Radon reduction techniques are used to stop radon entry and reduce indoor radon
concentrations. There are different methods used, depending on the property configuration.
We utilize specialized equipment to discover where radon is entering the building and recommend the most effective radon mitigation system for the property.
The most effective measures for reducing radon, without costly renovations, are ones that limit soil gas entry into the building. In general, dangerous vapors are extracted from the soil and rock below the structure then exhausted, safely away from the building, prohibiting radon gas build-up.
One common and very reliable method uses Active Sub-slab Depressurization (SSD). This method uses a radon mitigation exhaust system to reduce the pressure below the floor slab so that the air between the building substructure and the soil flows out of rather than into the building. Sub-Slab Depressurizations systems are customized for each property, to address specific mitigation requirements.
A sub-slab depressurization system consists of PVC piping installed through the basement slab floor with a fan connected to the piping. When the system is on, the fan applies a vacuum beneath the slab and the vapors in the soil beneath the building are suctioned into the pipe, then exhausted. The primary suction provided is independent of the sump pit.
Radon is exhausted up through a PVC pipe that is positioned above the highest eave of the structure.
The exhausted radon gas is quickly diluted by outdoor air, rendering it harmless.
Exhaust outlets are installed as close to the roof ridge line as possible, 10 feet or more away from doors, windows or other openings in the building, and 10 feet or more from any openings in nearby structures.
In addition to the system functioning indicator we provide, we include a simple U-tube manometer
mounted to the Sub-slab depressurization system vent pipe. The manometer is widely used to monitor
the operation of the sub-slab depressurization system fan. When the liquid levels in the legs of the
manometer are uneven, a pressure differential exists, indicating correct operation of the fan and
system. Conversely, if the manometer liquid levels are even, the fan or system is not operating
properly and needs repair.
Sump pump covers are also installed with observation ports for performance monitoring.
A Sub-Membrane Depressurization (SMD) may be required for crawl spaces and other areas where the slab is in direct contact with the rock and soil. With the SMD method, a plastic sheet (Polyethylene or similar) is permanently installed over exposed rock and soil. A fan is then installed to create suction under the plastic sheeting, drawing the vapors out from the soil into a PVC pipe, then safely exhausted away from the home, minimizing vapors from entering the ambient indoor air, similar to the SSD method.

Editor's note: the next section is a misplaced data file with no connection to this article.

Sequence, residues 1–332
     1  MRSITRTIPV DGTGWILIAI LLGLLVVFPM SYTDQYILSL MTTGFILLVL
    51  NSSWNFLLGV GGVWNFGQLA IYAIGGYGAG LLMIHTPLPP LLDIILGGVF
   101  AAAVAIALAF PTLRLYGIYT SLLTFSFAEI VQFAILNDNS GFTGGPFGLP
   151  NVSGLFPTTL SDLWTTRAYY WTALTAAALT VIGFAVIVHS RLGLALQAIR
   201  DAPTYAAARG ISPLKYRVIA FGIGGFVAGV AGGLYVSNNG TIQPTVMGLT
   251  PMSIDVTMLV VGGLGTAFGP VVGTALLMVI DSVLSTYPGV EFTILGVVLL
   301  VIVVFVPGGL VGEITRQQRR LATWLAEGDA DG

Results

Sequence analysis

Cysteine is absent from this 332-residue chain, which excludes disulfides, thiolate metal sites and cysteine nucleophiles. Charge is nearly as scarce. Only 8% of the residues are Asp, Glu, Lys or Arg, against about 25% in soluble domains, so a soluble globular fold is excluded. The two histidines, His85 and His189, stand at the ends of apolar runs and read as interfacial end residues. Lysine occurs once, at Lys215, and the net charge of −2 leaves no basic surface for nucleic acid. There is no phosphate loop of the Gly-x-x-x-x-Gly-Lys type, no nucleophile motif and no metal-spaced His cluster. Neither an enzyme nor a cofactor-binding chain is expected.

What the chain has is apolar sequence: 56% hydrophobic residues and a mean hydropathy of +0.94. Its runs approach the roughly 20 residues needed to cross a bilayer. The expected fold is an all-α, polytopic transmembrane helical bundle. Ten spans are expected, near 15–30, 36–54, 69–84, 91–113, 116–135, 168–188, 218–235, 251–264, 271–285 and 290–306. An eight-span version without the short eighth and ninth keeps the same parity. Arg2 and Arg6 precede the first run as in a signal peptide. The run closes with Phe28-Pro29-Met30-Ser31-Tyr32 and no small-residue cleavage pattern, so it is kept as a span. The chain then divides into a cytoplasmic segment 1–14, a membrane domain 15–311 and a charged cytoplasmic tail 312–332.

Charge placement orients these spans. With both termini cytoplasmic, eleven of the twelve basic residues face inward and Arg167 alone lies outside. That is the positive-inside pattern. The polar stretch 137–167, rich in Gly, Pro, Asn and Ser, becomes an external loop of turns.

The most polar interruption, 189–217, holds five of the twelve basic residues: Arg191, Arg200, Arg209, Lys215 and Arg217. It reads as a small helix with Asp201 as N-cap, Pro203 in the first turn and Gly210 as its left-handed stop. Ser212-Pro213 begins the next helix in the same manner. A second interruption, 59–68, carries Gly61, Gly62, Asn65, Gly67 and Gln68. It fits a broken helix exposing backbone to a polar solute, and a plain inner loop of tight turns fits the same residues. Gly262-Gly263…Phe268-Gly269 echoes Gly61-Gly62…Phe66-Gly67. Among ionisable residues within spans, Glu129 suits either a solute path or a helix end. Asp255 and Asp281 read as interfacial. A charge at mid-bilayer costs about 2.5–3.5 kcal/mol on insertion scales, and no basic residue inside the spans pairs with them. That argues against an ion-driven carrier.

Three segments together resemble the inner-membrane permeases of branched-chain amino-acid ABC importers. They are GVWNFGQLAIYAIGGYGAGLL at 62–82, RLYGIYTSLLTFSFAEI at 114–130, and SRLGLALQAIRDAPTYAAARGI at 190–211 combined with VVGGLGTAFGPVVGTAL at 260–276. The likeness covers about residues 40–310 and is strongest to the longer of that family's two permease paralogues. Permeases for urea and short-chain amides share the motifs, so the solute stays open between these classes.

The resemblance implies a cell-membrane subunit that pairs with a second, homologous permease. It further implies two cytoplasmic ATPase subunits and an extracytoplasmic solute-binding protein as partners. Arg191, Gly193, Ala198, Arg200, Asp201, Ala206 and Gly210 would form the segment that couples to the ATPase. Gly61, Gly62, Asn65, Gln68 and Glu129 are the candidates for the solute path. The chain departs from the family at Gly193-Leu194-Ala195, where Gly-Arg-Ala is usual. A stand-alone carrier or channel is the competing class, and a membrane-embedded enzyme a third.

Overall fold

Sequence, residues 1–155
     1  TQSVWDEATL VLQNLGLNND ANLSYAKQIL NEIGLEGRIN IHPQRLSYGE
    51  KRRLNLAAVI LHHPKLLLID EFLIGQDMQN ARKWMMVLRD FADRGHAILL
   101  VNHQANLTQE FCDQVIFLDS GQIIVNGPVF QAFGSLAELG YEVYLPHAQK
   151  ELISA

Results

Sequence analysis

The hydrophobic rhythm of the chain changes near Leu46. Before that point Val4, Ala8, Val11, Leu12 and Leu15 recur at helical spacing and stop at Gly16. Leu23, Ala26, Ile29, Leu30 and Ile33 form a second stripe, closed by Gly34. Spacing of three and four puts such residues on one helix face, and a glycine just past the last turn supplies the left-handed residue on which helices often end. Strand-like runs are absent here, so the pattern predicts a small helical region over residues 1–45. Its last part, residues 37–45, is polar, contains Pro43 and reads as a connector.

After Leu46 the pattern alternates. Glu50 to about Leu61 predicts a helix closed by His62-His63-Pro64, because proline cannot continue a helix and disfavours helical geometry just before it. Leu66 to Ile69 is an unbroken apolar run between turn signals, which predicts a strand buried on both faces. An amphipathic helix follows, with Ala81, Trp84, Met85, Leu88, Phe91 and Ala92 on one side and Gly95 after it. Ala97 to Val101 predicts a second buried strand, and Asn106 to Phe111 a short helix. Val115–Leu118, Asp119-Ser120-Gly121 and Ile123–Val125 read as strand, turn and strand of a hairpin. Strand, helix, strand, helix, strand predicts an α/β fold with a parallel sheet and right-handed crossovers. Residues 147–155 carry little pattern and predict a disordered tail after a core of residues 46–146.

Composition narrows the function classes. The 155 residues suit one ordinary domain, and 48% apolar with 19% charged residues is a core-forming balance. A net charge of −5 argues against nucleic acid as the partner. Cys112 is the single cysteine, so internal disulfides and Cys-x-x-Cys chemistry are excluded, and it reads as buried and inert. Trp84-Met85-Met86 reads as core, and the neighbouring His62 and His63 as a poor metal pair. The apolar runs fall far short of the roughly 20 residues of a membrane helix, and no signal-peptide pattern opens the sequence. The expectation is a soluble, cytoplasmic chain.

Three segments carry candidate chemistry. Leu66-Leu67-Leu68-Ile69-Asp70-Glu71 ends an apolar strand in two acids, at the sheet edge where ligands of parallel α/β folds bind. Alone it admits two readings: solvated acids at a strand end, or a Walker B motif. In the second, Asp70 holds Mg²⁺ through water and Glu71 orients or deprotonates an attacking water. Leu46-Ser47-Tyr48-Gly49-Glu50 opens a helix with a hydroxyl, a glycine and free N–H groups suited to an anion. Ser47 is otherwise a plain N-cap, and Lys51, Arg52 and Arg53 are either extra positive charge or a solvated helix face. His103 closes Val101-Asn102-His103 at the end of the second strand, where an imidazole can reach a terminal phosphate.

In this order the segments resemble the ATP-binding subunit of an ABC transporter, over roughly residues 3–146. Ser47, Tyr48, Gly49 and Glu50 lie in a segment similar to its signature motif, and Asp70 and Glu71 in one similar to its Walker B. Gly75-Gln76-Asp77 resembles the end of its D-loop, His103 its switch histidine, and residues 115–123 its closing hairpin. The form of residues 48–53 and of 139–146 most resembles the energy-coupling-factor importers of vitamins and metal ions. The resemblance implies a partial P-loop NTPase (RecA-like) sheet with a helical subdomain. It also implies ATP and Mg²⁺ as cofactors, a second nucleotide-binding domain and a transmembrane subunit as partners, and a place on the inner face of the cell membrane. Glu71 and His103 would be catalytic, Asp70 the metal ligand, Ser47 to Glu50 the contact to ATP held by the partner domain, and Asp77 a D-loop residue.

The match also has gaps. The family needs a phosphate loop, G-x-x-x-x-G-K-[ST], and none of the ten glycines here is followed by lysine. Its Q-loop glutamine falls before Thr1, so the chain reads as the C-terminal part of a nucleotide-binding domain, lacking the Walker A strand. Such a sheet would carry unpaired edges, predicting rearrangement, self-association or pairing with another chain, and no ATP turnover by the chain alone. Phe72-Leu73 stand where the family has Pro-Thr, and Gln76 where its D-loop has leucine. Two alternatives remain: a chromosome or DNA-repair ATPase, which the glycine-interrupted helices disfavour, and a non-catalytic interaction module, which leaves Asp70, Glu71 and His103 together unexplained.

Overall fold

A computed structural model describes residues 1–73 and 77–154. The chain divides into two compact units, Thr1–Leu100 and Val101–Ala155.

Both Sub-Slab & Sub-Membrane Depressurization systems must run continuously to be effective. These systems use little electricity, are relatively quiet, and require very little maintenance It is recommended that a professional inspect the system periodically to ensure proper performance.
Exhaust fans and piping are typically mounted on the exterior “equipment” side, of the building,
towards the back, in the most inconspicuous space. Optional fan housing units are available for
Exhaust piping is standard 3 inch PVC. Both the pipe and the fan housing may be painted to match the exterior of the home siding or trim. (Painting not included).
Typical installations include a Radon Away™ RP Series fan designed especially for radon mitigation, RadonAway’s RP Series fans provide superb performance and are ultra-quiet and attractive. They are ideal for most active sub-slab radon mitigation systems. Choice of model is dependent on building characteristics and should be made by a radon professional.
Sealing increases the overall effectiveness and cost efficiency of a mitigation system. Sealing cracks and gaps to limits airflow into the and out of the building enhances radon reduction efforts, by further blocking radon entry points and reducing the loss of costly conditioned air. IEMA does not recommend the use of sealing alone to reduce radon concentrations.
All systems installed by Professional Radon Systems, Inc., meet or exceed IEMA and EPA standards as well as Illinois building code requirements.